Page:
Ethon Lowe | The myth of Christmas
Two thousand years ago, God was sorely troubled.
Mankind was wicked again and needed to be taught a lesson. As promised, He would not drown the world a second time. Why not send His only Son into the world to suffer and die, and through His death, relieve the guilt of sins of the entire world, so that people would have eternal life? Not just the past sin of Adam and Eve (the original sin), but future sins as well. Even sins committed before a person is born. But did those perpetrators of the original sin actually exist, and the Genesis story merely symbolic?
If, therefore, Jesus did have himself tortured and executed for a symbolic sin committed by nonexistent individuals, what was the purpose of Jesus? The answer is simple; there is none.
Not so fast. Isn’t Christmas Jesus’ birthday celebrated by two billion Christians worldwide? And in Jamaica, what would Christmas be without Gran’ Market, church services and Jonkanoo? Paradoxically, while Christmas Day is a happy and joyful day, the atonement (Jesus’ sacrifice) is anything but. It is sadomasochistic and repellent. If God wanted to forgive our sins, why not just forgive them without having Himself (remember, Jesus is also God) tortured and executed? Would you allow your son to be killed (for whatever reason) if you wanted to forgive the people stealing your oranges?
Mary, the mother of Jesus, conceives in virginity through the working of the Holy Spirit. The Archangel Gabriel told Mary that she would give birth without the help of her husband, Joseph, a good-natured fellow who agreed without making a fuss. You’d think he would be a little jealous.
GODS ARE SUPPOSED TO BE SINLESS
Dionysius, the Greek god, was also born of a mother endowed with an intact hymen. So did Osiris, the Egyptian god, and Mithra, the Persian god. No surprise here. Gods are supposed to be sinless, hence their virgin births and born without sexual intercourse (parthenogenesis).
Further confirmation came from the writer of the Gospel of Matthew. From the Old Testament prophesy of Isaiah 7:14, “the young woman (almah) is with child, and she shall bear a son and she shall call his name Immanuel”. Matthew interpreted or mistranslated the Hebrew word almah (a young woman) into the Greek word parthenos (a virgin). And this 2,000-year myth was thus sealed with a typo.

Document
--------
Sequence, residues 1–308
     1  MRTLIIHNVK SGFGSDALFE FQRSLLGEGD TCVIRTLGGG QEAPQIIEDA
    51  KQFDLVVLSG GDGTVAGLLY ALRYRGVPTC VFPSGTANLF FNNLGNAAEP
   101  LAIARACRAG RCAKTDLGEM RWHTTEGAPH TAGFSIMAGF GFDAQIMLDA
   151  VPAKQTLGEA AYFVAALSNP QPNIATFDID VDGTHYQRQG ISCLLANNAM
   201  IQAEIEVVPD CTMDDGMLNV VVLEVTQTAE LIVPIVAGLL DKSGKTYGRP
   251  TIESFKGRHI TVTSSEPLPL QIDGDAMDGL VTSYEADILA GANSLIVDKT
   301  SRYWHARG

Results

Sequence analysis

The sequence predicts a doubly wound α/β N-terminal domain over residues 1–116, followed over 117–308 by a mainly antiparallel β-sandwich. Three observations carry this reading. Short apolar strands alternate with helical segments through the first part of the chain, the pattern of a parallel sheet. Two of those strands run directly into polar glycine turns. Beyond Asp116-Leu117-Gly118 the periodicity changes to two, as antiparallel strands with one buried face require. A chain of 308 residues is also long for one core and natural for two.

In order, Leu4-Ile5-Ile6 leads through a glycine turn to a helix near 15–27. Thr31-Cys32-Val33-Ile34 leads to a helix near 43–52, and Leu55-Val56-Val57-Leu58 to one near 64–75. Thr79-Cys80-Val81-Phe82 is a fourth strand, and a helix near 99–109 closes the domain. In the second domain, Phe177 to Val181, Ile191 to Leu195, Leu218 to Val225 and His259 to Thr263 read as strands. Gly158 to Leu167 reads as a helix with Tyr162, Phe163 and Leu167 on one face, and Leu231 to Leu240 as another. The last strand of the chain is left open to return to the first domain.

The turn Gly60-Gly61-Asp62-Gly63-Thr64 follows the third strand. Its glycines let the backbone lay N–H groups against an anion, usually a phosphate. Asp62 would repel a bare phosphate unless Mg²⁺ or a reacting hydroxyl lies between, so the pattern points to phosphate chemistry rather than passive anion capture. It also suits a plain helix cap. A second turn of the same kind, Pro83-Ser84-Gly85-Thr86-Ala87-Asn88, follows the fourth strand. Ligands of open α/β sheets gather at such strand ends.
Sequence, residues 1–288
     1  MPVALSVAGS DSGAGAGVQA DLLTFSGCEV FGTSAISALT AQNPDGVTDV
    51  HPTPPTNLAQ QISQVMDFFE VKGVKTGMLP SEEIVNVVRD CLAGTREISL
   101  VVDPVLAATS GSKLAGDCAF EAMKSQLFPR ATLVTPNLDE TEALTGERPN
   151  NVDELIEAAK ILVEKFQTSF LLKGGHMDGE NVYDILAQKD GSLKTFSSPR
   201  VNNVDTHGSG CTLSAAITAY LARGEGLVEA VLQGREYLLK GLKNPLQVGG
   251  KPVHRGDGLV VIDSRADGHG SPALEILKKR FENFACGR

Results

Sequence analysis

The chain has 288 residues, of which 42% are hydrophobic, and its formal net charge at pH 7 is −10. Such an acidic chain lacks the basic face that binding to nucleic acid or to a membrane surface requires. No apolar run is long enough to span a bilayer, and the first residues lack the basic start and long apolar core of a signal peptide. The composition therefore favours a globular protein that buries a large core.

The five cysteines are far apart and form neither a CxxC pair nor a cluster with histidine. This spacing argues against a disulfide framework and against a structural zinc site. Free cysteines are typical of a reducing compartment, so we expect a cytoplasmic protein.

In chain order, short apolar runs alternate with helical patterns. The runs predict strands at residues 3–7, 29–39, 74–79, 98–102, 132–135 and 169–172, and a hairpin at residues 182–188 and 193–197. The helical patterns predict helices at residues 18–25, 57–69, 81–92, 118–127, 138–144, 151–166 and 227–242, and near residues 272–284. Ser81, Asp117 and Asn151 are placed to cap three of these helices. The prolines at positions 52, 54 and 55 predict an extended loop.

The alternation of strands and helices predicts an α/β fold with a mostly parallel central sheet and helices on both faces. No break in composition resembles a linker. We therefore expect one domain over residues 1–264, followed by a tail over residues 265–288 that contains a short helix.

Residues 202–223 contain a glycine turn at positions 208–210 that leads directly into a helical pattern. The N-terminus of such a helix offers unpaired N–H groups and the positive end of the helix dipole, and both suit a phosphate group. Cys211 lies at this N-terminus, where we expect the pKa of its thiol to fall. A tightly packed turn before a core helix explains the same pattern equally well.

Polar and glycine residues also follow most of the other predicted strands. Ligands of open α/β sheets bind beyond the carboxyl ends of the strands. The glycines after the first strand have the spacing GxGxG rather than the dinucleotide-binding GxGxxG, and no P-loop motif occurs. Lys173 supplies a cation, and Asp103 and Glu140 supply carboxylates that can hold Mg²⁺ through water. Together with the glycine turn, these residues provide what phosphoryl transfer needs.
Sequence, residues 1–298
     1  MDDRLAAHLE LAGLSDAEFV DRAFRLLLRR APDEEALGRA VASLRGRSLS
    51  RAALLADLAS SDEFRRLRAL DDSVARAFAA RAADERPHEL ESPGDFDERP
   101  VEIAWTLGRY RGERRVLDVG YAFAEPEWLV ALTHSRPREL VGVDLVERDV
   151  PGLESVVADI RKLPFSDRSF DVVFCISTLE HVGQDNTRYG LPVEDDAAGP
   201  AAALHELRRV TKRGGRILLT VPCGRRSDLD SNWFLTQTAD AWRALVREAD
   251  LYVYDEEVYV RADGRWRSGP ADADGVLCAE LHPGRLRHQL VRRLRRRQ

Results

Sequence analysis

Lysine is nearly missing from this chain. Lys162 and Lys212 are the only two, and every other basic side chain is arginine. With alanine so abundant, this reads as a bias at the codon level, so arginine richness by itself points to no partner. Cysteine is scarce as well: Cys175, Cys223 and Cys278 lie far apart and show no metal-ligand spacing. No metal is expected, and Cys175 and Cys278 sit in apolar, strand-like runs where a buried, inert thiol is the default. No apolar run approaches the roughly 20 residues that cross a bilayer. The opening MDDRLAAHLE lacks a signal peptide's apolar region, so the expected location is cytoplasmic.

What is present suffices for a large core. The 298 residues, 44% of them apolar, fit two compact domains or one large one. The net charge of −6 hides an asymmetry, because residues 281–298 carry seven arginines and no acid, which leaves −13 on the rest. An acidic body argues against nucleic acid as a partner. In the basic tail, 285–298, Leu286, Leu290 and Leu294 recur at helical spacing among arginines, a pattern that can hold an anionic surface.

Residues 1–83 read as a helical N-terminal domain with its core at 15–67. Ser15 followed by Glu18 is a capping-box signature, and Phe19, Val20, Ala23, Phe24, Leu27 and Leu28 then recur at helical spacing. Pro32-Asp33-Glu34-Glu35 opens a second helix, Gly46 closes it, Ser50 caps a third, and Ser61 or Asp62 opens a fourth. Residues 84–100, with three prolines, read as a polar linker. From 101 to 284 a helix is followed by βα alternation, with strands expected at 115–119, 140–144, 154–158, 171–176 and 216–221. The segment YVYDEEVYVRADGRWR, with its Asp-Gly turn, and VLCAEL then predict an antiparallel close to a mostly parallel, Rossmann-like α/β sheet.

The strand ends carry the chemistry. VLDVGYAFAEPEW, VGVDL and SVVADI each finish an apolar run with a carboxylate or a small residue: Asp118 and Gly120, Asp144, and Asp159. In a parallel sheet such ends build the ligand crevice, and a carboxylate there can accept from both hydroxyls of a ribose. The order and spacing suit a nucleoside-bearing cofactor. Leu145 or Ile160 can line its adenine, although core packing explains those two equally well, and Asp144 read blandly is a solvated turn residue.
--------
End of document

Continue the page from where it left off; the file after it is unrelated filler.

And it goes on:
Even the year of Jesus’ birth is a mystery. Matthew 2:1 has Jesus being born in 4 BCE, during the reign of Herod, resulting in the visit of the Wise Men, and the slaughter of the innocents. In Luke (2:1) Jesus is born in 6 CE, when Quirinius is mentioned as the Roman governor of Syria and there was a worldwide census long after Herod’s death (4 BCE). Matthew and Luke cannot both be right, given their conflicting narratives.
Nowhere in the first century are such images as the virgin birth, the Nativity stories, shepherds, angels, star in the east, the Magi, born in a stable, manger and the worldwide census in either Christian writings (except the Gospels) or pagan writings. No mention of the cruel Herod and his slaughter of innocent children, an event unrecorded by historians of the time.
THE WINTER SOLSTICE
Another misconception is that December 25 is the birthday of Jesus.
During the early days of Christianity, believers tried to persuade the rulers (the Romans) to establish a legal holiday to commemorate Jesus’ birth, but they refused. So the Christians decided that ‘if you can’t beat ‘em, join ‘em’ and thereafter celebrated Jesus’ birth on an already-established pagan holiday: the Winter Solstice, December 25.
The Gregorian calendar which we use today moved the Winter Solstice back a few days to December 21 for astronomical reasons, whereas Christmas continues to be celebrated on the 25th.
Tired of hearing ministers preaching sermons about how we have forgotten the true meaning of Christmas? Next time, tell them (with a supercilious smile), yes, you agree.
Culturally, the story of Santa giving gifts to boys and girls who have managed to stay off the naughty list makes a better Christmas story. What would Christmas be without Santa? After enjoying years of benevolence from the god-like Santa, their young, rational minds quickly dispel the Santa myth when they get older. Letting go of God is rather more difficult. Believers have no need for healthy scepticism. They only need faith.
Christians certainly don’t have exclusive rights to gifts, love, joy, family, peace on earth and goodwill towards men. Christmas is for everybody, although it would be remiss if atheists and non-believers (tongues firmly planted in cheeks) didn’t proffer a grateful ‘thank you’ to Jesus for giving them a holiday.
Merry Saturnalia, Jamaica!!
- Dr Ethon Lowe is a medical doctor. Email feedback to email@example.com and firstname.lastname@example.org.